Syndax announced on Thursday that they missed PFS in their P3 E2112 study comparing entinostat + exemestane (Aromasin) to placebo + exemestane in advanced HR+ breast cancer, which resulted in a top-notch corporate quote:
“While the PFS analysis did not show a statistically significant benefit, E2112 was primarily designed to determine whether the combination of entinostat and exemestane could improve OS based on the compelling OS results obtained in the Phase 2b ENCORE 301 trial …”
They didn’t even WANT to hit PFS, okay?
Never mind that there are two primary endpoints in E2112, meaning it’s an and/or situation and the study was not, in fact, primarily designed to assess OS.
ENCORE 301, the basis on which Syndax received their Breakthrough Therapy designation, is reported here. That study (N=130, randomized 1:1 to entinostat + exemestane or placebo + exemestane) met its primary endpoint, with PFS of 4.3 months in the entinostat arm and 2.3 months in the control arm. OS was an exploratory endpoint, with entinostat associated with median OS of 28.1 months, compared to 19.8 months in the control arm. The enrollment criteria are similar between ENCORE 301 and E2112, except premenopausal patients and prior fulvestrant are both allowed in E2112, and E2112 appears to have a cohort with non-measurable disease.
It would be unusual for the benefit of an anti-cancer therapy to be better reflected in OS than PFS; this might happen with PD-1/PD-L1s, but that may not be universally agreed, and it’s not likely to be the case for entinostat. Syndax are trying to recast entinostat as an immunotherapy with their checkpoint inhibitor collaborations (oh look, it’s a 10% response rate with pembro), but when I tried the drug a couple years ago, it was just an HDAC inhibitor. And it sucked.
I was on entinostat for three cycles and got dose reduced after the first and again after the second, which remain my only dose reductions in eight years of nonstop treatment. I was off study for progression at the end of the third cycle, once I’d used up my two protocol-permitted dose reductions without improvement in my labs. Weird how that happened, right?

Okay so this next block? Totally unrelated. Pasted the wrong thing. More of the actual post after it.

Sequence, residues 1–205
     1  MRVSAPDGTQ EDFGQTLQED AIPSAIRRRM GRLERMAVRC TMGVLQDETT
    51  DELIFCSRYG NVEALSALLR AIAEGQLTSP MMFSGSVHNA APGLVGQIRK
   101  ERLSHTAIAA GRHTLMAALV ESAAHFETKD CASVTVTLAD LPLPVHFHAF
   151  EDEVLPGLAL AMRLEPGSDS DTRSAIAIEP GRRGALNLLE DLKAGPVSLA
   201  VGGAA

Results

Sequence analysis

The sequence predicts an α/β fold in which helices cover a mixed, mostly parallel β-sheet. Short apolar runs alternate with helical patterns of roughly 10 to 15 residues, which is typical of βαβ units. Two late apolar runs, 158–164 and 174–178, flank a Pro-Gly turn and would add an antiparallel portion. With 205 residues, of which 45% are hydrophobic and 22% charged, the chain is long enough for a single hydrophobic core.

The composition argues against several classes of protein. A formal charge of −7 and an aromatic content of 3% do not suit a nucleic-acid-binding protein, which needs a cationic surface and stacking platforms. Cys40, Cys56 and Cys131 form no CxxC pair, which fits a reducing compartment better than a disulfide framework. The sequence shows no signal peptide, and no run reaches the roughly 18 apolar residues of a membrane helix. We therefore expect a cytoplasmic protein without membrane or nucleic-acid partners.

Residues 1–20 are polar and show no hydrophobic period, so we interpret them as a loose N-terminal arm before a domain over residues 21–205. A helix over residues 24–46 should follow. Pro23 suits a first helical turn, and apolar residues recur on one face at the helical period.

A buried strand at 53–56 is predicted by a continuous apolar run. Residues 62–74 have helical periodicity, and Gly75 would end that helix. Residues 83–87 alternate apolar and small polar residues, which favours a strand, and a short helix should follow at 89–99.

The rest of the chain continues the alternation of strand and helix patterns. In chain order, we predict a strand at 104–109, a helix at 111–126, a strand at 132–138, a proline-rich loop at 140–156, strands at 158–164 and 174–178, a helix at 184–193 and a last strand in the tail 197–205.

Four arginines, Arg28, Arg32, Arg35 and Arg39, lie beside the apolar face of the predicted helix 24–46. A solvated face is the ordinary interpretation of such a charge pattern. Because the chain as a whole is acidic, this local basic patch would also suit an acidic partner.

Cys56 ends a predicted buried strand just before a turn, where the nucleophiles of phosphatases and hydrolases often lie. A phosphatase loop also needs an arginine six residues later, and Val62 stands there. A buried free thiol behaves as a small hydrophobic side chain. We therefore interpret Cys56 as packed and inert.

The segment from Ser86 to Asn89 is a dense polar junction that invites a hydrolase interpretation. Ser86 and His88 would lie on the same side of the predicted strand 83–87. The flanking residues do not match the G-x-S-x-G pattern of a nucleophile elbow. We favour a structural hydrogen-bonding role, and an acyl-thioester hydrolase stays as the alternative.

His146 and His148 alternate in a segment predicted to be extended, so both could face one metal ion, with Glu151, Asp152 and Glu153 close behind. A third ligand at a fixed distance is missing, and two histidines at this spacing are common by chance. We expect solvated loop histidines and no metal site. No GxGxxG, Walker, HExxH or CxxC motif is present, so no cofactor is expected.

Whatever: I was happy to be kicked off, because I have never felt more like dying in my life as on that drug. It was miserable. I felt sick and tired all the time, it wiped out my white cells, red cells and platelets, and my bones felt hollow. It sounds ridiculous, and this was never attributed to the study drug, but they were not like that before. They were totally normal bones before.
The feeling resolved after I went off study, but not before I broke my hand in a freak incident involving a leash that … brushed across my hand very fast. You would think this sort of thing would not cause a spectacular extremity fracture (the surgeon who wired it together later presented it at a conference!), and it could have been a coincidence, but I blame the entinostat.
The lack of efficacy is the focus here (with a pointed reminder that not all drugs anointed Breakthroughs pan out), and a P3-grade PFS fail rightly overshadows toxicity and my unconfirmed Bird Bones anecdote. I just like the story, lest there be any suspicion that entinostat has “well-tolerated” going for it. In a true stretch of corporate credibility, we’re being forced to wait for E2112 to fail definitively, because Syndax were clear they would keep performing scheduled OS analyses until everyone was dead. Or, you know, they see an OS benefit. Whichever comes first.